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Sunday, May 28, 2017
- As the United Nations and countries around the world look at cooperatives as an alternative economic model for the production of energy, rural energy cooperatives have thrived for over eight decades in the U.S., and citizens in some parts of the country are beginning to reclaim them through the democratic process.
There are more than 900 rural electric cooperatives, or Energy Membership Corporations (EMCs), providing electricity to 42 million people in 47 U.S. states.
Georgia has the largest network of EMCs in the nation in terms of the number of customers served, with 42 customer-owned EMCs providing electricity and related services to four million people, nearly half of Georgia’s population, across 73 percent of the state’s land area.
Originally, the EMCs were part of a New Deal initiative to bring electricity to rural areas because private enterprise was not doing it. The federal government provided seed money credit to get them going, and the programme was run under the Rural Electric Administration.
“When the (energy) co-op movement started, it was very democratic,” Seth Gunning, organising associate of the Sierra Club’s Beyond Coal Campaign, told IPS.
“Very quickly, though, it was sort of taken over by the same social institutions that run local governments and local businesses, and it sort of turned into this social club thing, that still exists all over Georgia. If you have a brother-in-law that sits on board, and there’s a vacancy on the board, you’re likely to get that seat,” Gunning said.
Cobb EMC, a non-profit, had created a for-profit entity called Cobb Energy. The EMC contracted out all of its work to the entity at a 12 percent premium, while the EMC CEO and Board of Directors also served in the same positions at Cobb Energy, thus profiting from Cobb EMC.
Instead, the profits are supposed to be returned to the members or to community initiatives of members’ choosing, such as donations to nonprofit organisations or investments in community infrastructure.
A number of lawsuits were filed, included a lawsuit seeking that profits dating back to 1939 be returned to EMC members. Additionally, the CEO was indicted.
This debacle – which seemed like a soap opera, or, even more so, a telenovela – led Cobb EMC members to get involved in the democratic process again.
Community organisations such as the Cobb Alliance for Smart Energy (CASE) were formed. They recruited and vetted reform candidates to run for the Board of Directors, after a judge mandated the EMC hold board elections for the first time in over a decade. At one meeting before the election in September 2011, over 3,600 members showed up to vote on whether to accept mail-in ballots at the election. Prior Cobb EMC meetings had only had a few hundred members to show up.
At the end of the day, after elections were held in November 2011 and March 2012, every single member of the Board of Directors was replaced with a reform candidate.
A few days ago, the new directors held their first Town Hall Meeting for EMC members, and are expected to open up their board meetings for members to attend in the near future.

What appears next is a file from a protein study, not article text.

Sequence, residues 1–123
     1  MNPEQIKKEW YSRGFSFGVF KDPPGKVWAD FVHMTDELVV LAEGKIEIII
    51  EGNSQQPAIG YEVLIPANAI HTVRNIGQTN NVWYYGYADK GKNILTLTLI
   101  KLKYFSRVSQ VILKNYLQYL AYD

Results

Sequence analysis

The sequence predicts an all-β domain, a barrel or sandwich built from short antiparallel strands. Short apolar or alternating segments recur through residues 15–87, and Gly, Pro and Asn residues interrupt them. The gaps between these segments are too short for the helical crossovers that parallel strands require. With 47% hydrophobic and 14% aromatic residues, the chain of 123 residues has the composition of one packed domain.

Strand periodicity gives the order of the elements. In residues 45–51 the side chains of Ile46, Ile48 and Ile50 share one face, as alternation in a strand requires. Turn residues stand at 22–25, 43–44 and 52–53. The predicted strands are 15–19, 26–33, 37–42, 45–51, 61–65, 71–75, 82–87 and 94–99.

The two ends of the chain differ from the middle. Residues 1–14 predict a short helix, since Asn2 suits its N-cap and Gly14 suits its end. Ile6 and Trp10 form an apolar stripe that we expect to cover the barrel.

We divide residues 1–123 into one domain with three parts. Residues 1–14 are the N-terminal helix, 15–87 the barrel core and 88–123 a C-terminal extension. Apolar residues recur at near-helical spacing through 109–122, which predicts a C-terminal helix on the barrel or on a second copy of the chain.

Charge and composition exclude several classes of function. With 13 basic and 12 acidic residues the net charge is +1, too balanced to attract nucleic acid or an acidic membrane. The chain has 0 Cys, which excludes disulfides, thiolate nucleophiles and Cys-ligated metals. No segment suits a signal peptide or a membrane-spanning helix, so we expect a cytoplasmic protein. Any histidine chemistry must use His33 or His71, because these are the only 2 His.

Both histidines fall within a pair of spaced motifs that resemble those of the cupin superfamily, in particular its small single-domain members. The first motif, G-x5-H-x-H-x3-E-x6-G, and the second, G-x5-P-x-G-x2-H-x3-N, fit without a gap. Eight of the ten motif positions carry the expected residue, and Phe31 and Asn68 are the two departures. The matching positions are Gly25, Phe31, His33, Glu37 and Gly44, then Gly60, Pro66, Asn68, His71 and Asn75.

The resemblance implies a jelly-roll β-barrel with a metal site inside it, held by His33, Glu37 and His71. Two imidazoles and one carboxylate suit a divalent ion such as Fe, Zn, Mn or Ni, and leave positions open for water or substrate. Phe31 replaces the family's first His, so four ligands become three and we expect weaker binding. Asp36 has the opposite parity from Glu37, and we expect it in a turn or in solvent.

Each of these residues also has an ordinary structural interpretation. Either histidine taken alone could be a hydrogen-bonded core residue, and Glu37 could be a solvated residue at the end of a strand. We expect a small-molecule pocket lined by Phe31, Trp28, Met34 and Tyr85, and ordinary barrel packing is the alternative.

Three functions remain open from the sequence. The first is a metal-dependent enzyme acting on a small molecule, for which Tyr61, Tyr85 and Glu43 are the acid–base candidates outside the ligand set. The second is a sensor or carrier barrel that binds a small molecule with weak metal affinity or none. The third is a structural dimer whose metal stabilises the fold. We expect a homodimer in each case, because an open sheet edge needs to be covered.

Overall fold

As a result, in January 2012, the new Cobb EMC Board voted to divest from two proposed new coal energy plants in Georgia, Plant Washington and Plant Ben Hill. Prior to that, Cobb EMC had been part of a consortium of several EMCs called Power4Georgians (P4G), that had planned to build the two new plants.
Earlier this month, plans for Plant Ben Hill were cancelled, in part because the Cobb EMC pulled out of the project. Only four Georgia EMCs remain as part of P4G; plans for Plant Washington remain on the table, but Gunning says he believes P4G will be unable to find an investor willing to take on the project.
Also, earlier this month, Cobb EMC’s new board voted to pursue solar energy through a power purchase agreement, marking a complete turnabout from investment in dirty energy towards clean energy sources for the co-op and its members.
According to Gunning, a very similar turnaround happened with an EMC in Pedernales, Texas, near Austin, and citizens in other parts of Georgia are working to reshape their EMCs.
Despite the difficulties and struggles that citizens have had with their local EMCs, Tom Barksdale, chairman of the CASE, said he still thinks EMCs are a good idea, so long as they are done right.
“I do believe that (energy) co-ops could work in less developed countries or developing countries for the same reason they originally worked in the U.S.,” Barksdale told IPS.
“I think co-ops work, but like any democracy, the members have to pay attention to what they’re doing. In that sense, small is better. They should be set up with specific areas, instead of as massive utilities,” he said.
“The co-op was the idea that neighbours, people who knew each other personally, would get together in relatively small areas to bring electricity to the area. The situation changed when what used to be a few thousand members became like Cobb EMC with over 200,000 members. It became unwieldy and got out of control,” he said.
“The good ol’ boys found out they could do whatever they wanted to and they could get away with it,” he said.
Barksdale also said that EMCs should have “institutional safeguards” such as open board meetings, open records, community meetings in addition to board meetings, and perhaps some government oversight.
“They shouldn’t be able to maintain fiction that they are private; they should be seen as quasi-public,” he said.